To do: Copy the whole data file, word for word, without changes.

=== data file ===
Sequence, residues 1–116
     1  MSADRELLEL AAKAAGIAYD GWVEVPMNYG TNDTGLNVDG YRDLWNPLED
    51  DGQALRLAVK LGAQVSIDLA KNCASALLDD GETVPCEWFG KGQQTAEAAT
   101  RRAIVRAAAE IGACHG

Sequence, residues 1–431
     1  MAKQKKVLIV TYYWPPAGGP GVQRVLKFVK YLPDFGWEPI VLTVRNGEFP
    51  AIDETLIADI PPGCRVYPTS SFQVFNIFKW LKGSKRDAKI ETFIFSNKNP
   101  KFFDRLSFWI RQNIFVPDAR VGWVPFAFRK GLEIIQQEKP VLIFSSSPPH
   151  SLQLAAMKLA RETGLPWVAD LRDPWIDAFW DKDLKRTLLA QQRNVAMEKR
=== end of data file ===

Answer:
Sequence, residues 1–116
     1  MSADRELLEL AAKAAGIAYD GWVEVPMNYG TNDTGLNVDG YRDLWNPLED
    51  DGQALRLAVK LGAQVSIDLA KNCASALLDD GETVPCEWFG KGQQTAEAAT
   101  RRAIVRAAAE IGACHG

Sequence, residues 1–431
     1  MAKQKKVLIV TYYWPPAGGP GVQRVLKFVK YLPDFGWEPI VLTVRNGEFP
    51  AIDETLIADI PPGCRVYPTS SFQVFNIFKW LKGSKRDAKI ETFIFSNKNP
   101  KFFDRLSFWI RQNIFVPDAR VGWVPFAFRK GLEIIQQEKP VLIFSSSPPH
   151  SLQLAAMKLA RETGLPWVAD LRDPWIDAFW DKDLKRTLLA QQRNVAMEKR